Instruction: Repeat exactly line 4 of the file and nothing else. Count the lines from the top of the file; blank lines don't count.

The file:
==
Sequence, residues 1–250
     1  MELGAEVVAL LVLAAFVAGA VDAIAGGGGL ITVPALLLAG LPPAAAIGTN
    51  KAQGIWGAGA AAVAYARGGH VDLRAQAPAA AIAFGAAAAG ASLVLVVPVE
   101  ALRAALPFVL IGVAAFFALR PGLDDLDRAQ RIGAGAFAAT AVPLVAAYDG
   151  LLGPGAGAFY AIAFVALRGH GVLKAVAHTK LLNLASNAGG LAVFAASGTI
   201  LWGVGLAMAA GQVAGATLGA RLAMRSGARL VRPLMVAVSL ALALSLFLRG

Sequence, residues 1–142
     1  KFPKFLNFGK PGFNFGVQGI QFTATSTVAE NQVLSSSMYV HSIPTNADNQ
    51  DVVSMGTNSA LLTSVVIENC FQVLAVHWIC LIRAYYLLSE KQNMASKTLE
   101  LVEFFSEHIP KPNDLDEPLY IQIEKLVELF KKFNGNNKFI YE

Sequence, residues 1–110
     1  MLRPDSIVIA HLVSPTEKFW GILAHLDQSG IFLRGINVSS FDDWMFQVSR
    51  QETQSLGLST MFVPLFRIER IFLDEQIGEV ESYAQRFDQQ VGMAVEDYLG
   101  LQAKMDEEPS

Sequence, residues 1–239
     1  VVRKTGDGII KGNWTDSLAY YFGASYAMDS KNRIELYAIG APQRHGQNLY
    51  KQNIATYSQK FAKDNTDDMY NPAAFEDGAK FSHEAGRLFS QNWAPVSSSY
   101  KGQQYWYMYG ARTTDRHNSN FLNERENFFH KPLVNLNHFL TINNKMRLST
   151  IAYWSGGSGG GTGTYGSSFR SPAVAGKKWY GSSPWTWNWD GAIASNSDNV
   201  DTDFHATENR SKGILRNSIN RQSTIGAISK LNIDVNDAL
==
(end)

   101  ALRAALPFVL IGVAAFFALR PGLDDLDRAQ RIGAGAFAAT AVPLVAAYDG